War movies rarely boast heroes battling alongside their own daughters.
It’s but one of many wrinkles behind “The Tomorrow War,” the Amazon adventure starring Chris Pratt, Sam Richardson, Betty Gilpin and J.K. Simmons. Pratt play a soldier-turned-teacher-turned soldier fighting space aliens out to conquer Earth.
The Amazon original feels like a theatrical blockbuster-in-waiting (its original destination), from the splashy F/X to the four-quadrant pleasing storyline. It still bowed on small screens nationwide. As the late Prince might say, it’s a sign o’ the times.
It’s hard not to take 9 factors away from the film, which might have struggled at the box office given it’s an original story, not a reboot, remake or sequel.
Pratt Is the Real Deal
Sometimes Hollywood hastily christens actors as The Next Big Thing. Sorry, Josh Hartnett, you make the cut here. That isn’t true for Pratt, who couldn’t be more endearing in every second of the film. He hits his action movie beats with perfection, but his expressive face serves him well in the movie’s emotional sequences (and they are legion).
We knew Pratt could tackle dinosaur trauma and purple space villains already. Here, he’s the main attraction and he never disappoints.
J.K. Simmons, Jacked Oscar Winner
Somebody’s been hitting the gym. Hard. Why is the gifted character actor suddenly flooding the screen with biceps? The actor says he’s trying to keep the home fires burning with his off-screen regimen. Either way, it’s shocking to see the 60-something star flexing more than his line readings.
The Dumb, It Hurts
Blockbuster movies aren’t meant to be analyzed like Oscar-bait drama. It’s about the explosions and FX wonders, not the sophisticated story beats. Still, some moments in “The Tomorrow War” make you roll your eyes like a slot machine. The one sequence that stands out? A wiz kid student whose not-so-secret passion helps save the day. Cute? Sure. Realistic? Hoo boy!
Acting Matters (Even in Blockbuster Films)
Arnold Schwarzenegger proved screen presence and acting chops are two very different things. He had the former, and it made him Hollywood royalty for a spell. Ironically, he’s grown in the latter department, as seen in his nuanced turn in “Terminator: Dark Fate.”
“The Tomorrow War” boasts Yvonne Strahovksi of “Chuck” fame as the main character’s grown-up daughter. Pratt and Strahovsi share several critical scenes together, the kind you’re tempted to fast forward to get to the action.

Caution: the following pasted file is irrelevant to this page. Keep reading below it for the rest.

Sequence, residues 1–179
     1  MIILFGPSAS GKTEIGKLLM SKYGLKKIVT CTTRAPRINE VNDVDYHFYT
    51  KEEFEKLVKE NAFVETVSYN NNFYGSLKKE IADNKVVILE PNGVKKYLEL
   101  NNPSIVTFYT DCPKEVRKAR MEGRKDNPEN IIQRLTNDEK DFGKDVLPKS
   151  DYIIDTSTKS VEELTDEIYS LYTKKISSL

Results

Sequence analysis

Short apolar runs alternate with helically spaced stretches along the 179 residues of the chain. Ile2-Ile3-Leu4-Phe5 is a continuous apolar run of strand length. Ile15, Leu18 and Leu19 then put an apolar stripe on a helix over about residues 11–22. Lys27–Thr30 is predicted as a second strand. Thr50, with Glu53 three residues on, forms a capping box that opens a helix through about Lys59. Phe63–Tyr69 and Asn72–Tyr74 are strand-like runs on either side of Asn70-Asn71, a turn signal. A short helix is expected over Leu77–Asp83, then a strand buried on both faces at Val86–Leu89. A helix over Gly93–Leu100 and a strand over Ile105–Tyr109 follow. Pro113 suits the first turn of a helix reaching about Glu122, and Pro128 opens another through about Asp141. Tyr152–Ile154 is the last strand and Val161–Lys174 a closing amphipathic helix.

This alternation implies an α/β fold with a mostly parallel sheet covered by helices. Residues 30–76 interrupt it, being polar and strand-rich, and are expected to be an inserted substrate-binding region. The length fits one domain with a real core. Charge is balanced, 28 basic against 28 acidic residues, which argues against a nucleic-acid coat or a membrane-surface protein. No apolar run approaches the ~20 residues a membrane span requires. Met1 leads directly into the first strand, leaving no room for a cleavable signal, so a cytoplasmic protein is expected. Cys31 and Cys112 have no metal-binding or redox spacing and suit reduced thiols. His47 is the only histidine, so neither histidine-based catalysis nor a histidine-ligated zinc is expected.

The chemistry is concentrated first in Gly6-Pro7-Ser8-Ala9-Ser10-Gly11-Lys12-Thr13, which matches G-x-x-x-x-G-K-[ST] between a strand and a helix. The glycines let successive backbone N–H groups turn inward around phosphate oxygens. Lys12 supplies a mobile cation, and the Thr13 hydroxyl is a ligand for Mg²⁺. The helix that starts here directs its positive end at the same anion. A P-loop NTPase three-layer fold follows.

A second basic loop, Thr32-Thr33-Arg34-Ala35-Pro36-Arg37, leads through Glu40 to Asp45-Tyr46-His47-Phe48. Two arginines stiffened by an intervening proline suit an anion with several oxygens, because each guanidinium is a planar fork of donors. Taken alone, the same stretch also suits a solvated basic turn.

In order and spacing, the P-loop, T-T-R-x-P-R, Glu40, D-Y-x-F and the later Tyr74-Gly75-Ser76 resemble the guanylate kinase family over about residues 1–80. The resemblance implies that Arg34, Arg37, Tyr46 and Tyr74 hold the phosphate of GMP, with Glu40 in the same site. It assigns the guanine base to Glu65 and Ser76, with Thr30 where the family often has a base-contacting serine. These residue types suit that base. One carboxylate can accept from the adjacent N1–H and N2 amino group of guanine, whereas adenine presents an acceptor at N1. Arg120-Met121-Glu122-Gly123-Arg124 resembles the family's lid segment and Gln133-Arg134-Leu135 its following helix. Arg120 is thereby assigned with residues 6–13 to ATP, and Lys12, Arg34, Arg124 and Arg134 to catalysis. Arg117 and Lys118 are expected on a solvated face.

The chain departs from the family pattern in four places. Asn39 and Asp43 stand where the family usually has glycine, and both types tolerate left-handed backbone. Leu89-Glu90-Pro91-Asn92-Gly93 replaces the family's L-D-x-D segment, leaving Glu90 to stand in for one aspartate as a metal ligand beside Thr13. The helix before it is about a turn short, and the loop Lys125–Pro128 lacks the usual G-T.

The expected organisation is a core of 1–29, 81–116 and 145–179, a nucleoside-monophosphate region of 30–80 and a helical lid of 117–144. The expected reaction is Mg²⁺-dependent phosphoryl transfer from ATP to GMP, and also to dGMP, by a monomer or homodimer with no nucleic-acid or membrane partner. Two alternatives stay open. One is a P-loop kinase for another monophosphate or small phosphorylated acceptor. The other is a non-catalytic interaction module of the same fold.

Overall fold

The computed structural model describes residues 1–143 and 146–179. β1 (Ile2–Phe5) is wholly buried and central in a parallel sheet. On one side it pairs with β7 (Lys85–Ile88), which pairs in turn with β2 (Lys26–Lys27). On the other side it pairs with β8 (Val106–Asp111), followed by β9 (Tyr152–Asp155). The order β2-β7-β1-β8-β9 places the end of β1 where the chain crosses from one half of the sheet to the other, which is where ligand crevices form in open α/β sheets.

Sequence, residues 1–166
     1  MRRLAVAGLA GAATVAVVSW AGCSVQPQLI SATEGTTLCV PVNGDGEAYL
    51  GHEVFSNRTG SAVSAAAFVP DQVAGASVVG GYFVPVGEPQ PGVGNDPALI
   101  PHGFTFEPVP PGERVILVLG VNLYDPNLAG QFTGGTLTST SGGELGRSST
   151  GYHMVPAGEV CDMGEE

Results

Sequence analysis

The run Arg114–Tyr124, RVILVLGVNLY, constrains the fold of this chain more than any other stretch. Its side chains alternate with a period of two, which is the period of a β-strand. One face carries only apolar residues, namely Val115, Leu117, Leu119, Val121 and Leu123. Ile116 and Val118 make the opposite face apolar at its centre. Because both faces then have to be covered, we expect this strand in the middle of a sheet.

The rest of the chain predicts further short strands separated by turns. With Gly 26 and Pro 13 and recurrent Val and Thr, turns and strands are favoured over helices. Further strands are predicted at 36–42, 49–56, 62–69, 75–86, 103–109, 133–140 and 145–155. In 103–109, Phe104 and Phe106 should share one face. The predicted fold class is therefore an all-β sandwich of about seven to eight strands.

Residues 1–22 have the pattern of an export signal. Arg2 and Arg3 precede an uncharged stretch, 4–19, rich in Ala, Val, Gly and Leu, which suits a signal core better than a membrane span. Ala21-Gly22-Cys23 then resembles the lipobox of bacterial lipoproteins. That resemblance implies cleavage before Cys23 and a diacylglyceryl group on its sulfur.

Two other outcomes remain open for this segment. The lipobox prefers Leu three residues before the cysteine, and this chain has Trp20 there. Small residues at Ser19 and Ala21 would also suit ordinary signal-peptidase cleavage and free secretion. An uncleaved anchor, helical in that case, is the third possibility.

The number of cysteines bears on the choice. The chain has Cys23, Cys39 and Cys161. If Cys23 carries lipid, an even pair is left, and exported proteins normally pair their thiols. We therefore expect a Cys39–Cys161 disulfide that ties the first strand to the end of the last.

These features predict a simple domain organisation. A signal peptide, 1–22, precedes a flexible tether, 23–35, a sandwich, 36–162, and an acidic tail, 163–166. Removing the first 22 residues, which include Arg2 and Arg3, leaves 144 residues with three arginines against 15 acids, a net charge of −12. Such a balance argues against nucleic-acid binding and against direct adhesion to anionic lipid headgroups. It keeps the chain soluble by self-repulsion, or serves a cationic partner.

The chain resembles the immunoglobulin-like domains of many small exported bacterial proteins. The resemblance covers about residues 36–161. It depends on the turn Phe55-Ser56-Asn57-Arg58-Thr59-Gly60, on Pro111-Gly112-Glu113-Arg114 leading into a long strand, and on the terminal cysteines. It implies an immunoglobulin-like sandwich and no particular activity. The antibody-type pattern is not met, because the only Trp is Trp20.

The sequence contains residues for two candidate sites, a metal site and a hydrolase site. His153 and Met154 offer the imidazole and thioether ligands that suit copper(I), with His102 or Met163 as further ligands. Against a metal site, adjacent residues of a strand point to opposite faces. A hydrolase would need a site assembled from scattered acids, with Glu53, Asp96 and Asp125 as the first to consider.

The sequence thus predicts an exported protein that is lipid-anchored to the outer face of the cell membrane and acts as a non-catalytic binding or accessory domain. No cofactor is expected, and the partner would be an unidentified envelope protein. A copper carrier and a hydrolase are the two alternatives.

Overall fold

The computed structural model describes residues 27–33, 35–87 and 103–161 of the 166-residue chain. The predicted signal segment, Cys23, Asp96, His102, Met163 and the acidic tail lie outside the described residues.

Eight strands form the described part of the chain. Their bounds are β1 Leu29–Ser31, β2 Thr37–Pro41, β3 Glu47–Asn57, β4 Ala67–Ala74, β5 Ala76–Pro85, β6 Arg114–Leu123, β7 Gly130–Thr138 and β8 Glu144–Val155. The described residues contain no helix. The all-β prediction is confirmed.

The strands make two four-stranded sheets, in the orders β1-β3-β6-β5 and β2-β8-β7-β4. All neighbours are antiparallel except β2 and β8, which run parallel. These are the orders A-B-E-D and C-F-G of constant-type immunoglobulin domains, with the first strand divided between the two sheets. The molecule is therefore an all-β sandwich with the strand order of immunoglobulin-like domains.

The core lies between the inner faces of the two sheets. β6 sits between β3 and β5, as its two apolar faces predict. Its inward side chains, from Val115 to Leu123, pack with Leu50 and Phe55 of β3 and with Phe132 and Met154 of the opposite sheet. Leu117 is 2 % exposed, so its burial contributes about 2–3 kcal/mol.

Most won’t, though. Their tenderness toward each other heightens the film’s dramatic template, and each is clearly engaged by the material.
‘Alien’ Still Reigns Supreme
The creatures threatening to extinguish humanity are nasty, all right. These multi-limbed ghouls look like the fiends making life miserable for Emily Blunt in the “Quiet Place” franchise.
They still can’t match the title character “Alien,” the 1979 shocker that set the bar impossibly high for creature design. Many films have tried to lap “Alien” in the monster department. All have failed. “The Tomorrow War” joins that expansive group, and there’s little shame in that.
Spoiler Alert! “The Tomorrow War” packs a global warming sucker punch. The film doesn’t overwhelm audiences with the message, but it’s loud, clear and part of the industry narrative. It’ll be interesting to study films from this era in 30 years, no?
Flawed Heroes Rule
Pratt’s heroic character is brave to a fault, kind to his family, generous to both friends and colleagues and inspirational when needed. Which is often.
Humanity hangs in the balance, don’t you know.
And yet there’s a key story twist mid-movie that simply doesn’t click. Why? Because Pratt’s character is too good, too perfect for it to make sense. Had the screenplay added some grit to his role, a moment or two where he flashes a temper or retreats from his perfect persona, the reveal would work better.
Science Nerds Unite
“Tomorrow War” delivers action, guts and glory. It’s the film’s calling card. Yet the screenplay spends time extolling the virtues of school, education and, of course, science. It’s folded tenderly into the action, and it taps into the film’s key father-daughter connection.
Some blockbusters pay lip service to winning the day with brains, not just brawn. “The Tomorrow War” goes the distance with that theme.
Time Travel Hearts Story Holes
It’s one of the most compelling story devices at our disposal, and we’ve seen some Hollywood classics come from its near-perfect use. Think “Back to the Future” and “Star Trek IV: The Voyage Home.”
Here, time travel is a critical part of the story, since soldiers from the current era trek to the future to fight the space aliens.
Still, that gimmick suggests time loop issues that could cause your head to spin. “The Tomorrow War” has no time to tease out those answers, but viewers might do just that during the weaker segments of the film.